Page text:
New collections of mini murals, the colorful art installations that beautify street intersections across Houston, are coming to parts of the city that lack public art.
The Houston City Council voted unanimously this week to commission 20 new works as part of the city's Traffic Signal Control Cabinet Program, which is implemented through a partnership with Houston-based UP Art Studio. The city is awarding the studio a two-year contract worth up to $395,000 to create five mini murals apiece in the Alief/Westwood, Fort Bend Houston, Kashmere Gardens, Magnolia/Manchester and Sunnyside neighborhoods, according to the Mayor's Office of Cultural Affairs, which said the program had been on a one-year hiatus.
"It's wonderful," said UP Art Studio co-founder Elia Quiles, who runs the studio along with her husband, Noah. "Those are underserved areas that generally don't have as much exposure to public art. We are very passionate about adding public art in those communities."
Nearly 400 mini murals have been created in the Houston area since the city launched its initiative in 2015, Quiles said. The idea, according to the city, was to curb graffiti in neighborhoods and serve as a gateway for artists to engage in civic art.
In addition to those inside the city limits, Quiles said League City, Harris County and the Texas Department of Transportation also have commissioned UP Art Studio to paint traffic signal control boxes in the region. The studio enlists mostly Houston-area artists to complete the works, such as Joy Matheson, Anat Ronen and Pilot.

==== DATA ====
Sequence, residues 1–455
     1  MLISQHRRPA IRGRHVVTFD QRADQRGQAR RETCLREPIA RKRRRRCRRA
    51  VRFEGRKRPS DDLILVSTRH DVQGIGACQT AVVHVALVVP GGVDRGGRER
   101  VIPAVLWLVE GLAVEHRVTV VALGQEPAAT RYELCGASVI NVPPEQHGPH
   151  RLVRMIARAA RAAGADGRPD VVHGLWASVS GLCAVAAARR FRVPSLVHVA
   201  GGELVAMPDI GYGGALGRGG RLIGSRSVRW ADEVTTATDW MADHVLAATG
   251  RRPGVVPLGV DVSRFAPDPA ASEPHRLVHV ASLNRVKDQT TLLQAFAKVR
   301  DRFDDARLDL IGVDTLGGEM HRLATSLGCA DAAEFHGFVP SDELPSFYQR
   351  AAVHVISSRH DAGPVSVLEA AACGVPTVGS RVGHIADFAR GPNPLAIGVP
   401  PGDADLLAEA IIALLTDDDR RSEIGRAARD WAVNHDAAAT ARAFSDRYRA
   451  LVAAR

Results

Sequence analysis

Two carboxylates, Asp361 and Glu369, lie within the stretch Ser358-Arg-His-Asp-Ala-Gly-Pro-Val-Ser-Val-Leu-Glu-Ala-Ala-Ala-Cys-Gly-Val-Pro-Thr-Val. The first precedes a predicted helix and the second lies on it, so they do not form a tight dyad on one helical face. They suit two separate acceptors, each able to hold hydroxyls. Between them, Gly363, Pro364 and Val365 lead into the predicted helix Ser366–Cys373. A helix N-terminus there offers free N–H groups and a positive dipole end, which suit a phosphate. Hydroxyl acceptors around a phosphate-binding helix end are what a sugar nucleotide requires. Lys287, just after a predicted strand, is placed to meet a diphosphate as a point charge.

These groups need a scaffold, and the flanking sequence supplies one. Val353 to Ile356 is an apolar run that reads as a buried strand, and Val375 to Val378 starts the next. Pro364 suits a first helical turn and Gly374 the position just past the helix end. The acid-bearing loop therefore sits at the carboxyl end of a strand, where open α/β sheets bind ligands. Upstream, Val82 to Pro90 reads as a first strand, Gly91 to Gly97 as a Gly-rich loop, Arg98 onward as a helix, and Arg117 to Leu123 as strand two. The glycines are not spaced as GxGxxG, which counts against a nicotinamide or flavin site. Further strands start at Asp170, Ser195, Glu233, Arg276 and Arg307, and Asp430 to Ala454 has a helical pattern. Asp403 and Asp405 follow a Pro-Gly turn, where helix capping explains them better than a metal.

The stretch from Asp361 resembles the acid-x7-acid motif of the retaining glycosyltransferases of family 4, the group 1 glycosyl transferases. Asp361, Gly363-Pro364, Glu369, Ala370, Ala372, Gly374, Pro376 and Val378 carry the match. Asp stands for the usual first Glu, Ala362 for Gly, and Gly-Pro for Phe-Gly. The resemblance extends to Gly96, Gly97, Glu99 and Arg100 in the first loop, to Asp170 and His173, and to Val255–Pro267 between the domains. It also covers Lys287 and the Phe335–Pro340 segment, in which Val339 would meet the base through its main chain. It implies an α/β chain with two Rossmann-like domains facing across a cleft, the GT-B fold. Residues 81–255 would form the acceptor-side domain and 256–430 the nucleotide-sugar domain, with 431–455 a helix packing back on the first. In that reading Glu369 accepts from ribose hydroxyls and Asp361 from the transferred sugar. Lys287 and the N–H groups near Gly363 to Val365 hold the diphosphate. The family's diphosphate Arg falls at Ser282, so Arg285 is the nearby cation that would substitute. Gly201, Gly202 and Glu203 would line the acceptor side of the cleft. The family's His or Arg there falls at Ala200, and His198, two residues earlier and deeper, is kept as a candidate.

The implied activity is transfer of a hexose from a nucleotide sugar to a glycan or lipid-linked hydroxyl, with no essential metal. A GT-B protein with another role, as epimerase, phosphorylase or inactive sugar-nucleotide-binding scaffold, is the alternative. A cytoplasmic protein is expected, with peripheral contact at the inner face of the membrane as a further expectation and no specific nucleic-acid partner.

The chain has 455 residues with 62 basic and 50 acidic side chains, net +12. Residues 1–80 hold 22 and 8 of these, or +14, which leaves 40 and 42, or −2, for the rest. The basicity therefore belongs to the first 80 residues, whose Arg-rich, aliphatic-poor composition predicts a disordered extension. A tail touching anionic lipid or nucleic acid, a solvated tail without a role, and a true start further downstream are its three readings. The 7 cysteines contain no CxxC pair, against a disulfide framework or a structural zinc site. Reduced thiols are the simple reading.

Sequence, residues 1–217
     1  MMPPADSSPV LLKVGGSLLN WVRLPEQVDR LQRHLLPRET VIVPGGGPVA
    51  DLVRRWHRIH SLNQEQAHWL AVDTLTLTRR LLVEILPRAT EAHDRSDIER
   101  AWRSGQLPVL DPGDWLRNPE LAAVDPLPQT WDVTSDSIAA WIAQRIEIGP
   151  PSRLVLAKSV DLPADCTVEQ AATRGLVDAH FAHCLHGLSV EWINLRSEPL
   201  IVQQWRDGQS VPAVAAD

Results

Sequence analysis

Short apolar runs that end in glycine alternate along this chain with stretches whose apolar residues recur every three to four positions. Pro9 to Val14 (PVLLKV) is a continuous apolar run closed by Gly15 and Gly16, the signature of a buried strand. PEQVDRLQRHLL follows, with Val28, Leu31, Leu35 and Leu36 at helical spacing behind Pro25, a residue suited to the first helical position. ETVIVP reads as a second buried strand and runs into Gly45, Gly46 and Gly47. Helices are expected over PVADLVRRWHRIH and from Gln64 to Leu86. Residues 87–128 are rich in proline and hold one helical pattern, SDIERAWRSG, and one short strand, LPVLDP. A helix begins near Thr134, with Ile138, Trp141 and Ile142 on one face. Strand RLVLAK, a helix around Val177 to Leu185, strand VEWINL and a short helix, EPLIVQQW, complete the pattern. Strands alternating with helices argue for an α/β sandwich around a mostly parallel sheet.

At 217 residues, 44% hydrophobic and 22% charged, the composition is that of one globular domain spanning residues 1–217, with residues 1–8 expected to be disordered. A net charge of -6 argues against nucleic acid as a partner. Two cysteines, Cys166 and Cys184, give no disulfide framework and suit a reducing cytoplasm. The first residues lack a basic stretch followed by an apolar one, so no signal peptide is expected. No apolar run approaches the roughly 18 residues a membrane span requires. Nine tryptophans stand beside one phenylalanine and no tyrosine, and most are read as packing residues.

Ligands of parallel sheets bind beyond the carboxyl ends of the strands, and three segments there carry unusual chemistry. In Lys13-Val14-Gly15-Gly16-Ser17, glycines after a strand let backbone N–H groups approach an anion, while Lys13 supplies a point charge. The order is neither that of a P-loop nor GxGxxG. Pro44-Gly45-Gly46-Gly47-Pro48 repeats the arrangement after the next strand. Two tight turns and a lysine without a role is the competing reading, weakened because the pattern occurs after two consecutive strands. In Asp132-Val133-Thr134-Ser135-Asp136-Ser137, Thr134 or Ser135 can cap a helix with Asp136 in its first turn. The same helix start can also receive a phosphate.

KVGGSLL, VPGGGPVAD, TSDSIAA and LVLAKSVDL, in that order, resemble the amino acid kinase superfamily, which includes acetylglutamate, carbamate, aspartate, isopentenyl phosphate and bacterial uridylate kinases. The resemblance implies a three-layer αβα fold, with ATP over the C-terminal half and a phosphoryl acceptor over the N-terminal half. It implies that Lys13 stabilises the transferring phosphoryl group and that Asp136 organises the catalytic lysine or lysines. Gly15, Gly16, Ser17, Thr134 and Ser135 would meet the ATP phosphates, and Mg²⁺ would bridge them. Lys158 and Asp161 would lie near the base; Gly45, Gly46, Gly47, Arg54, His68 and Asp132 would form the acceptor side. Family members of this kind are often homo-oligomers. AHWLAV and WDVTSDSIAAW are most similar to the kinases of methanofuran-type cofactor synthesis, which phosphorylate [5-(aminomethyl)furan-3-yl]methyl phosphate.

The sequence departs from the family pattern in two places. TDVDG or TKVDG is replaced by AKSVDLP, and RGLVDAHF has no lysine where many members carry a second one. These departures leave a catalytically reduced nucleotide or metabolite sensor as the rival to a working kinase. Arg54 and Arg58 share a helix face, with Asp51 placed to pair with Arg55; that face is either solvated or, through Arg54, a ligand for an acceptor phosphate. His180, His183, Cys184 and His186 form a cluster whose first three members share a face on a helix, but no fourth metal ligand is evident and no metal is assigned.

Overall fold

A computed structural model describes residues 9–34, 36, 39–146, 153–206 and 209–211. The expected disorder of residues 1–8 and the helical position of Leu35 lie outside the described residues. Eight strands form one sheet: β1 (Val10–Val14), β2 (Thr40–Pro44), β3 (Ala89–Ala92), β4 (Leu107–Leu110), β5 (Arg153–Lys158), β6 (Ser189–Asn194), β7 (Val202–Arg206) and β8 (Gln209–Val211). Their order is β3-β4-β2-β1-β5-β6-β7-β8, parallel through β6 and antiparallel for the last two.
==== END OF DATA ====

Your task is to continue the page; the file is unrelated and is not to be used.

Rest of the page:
The mini murals depict a range of people, places and themes, from former presidents and civil rights activists to local leaders and cultural icons to wildlife and plant life. Some include nods to the hospitals, fire stations or schools in the communities where they are located as well as to Houston's major professional sports teams such as the Astros and Texans.
"They have really transformed a lot of the infrastructure that just looks like concrete and metal boxes into beautiful pieces of art throughout the city, really contributing to the fabric of the culture of our city and improving spaces that traditionally just look like regular concrete," said Houston City Council member Martha Castex-Tatum, who serves as the city's vice mayor pro-tem.
The exact locations of the forthcoming murals have yet to be determined, with Mayor Sylvester Turner saying during Wednesday's council meeting that locations would be selected by the Mayor's Office of Cultural Affairs with input from community members. Requests can be submitted online at https://www.houstontx.gov/culturalaffairs/tscc-inquiry-form.html.
The mini murals can be financially sponsored by council district offices, city departments, management districts, community organizations, businesses and other entities. Quiles said UP Art Studio's contract with the city, which is for two years with the option for a pair of one-year extensions, covers up to $197,500 per year in city-sponsored mural projects. They can be sponsored by other entities at a cost of $3,250 or more, she said.
"UP Art has really helped democratize art, to get it to so many parts of our city where there was nothing like that," Houston City Council member Karla Cisneros said. "I really applaud the stable of artists that they have employed to create these art pieces. That's a very diverse group of people, too, that are a wonderful reflection of who this city is. It's just successful on so many levels, and our communities love this."